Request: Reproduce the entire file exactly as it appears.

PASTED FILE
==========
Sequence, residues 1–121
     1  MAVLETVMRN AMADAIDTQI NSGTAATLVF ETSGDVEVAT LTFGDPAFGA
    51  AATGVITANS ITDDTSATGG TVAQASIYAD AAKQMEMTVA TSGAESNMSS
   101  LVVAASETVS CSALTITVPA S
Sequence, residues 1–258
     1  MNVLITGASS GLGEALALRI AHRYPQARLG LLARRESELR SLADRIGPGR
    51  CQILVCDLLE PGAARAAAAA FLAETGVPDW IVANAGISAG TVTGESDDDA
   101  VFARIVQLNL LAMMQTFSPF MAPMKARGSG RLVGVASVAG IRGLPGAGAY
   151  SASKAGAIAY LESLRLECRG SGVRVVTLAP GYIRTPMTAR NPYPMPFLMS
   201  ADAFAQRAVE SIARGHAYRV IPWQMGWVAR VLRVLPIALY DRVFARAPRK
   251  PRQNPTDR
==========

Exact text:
Sequence, residues 1–121
     1  MAVLETVMRN AMADAIDTQI NSGTAATLVF ETSGDVEVAT LTFGDPAFGA
    51  AATGVITANS ITDDTSATGG TVAQASIYAD AAKQMEMTVA TSGAESNMSS
   101  LVVAASETVS CSALTITVPA S
Sequence, residues 1–258
     1  MNVLITGASS GLGEALALRI AHRYPQARLG LLARRESELR SLADRIGPGR
    51  CQILVCDLLE PGAARAAAAA FLAETGVPDW IVANAGISAG TVTGESDDDA
   101  VFARIVQLNL LAMMQTFSPF MAPMKARGSG RLVGVASVAG IRGLPGAGAY
   151  SASKAGAIAY LESLRLECRG SGVRVVTLAP GYIRTPMTAR NPYPMPFLMS
   201  ADAFAQRAVE SIARGHAYRV IPWQMGWVAR VLRVLPIALY DRVFARAPRK
   251  PRQNPTDR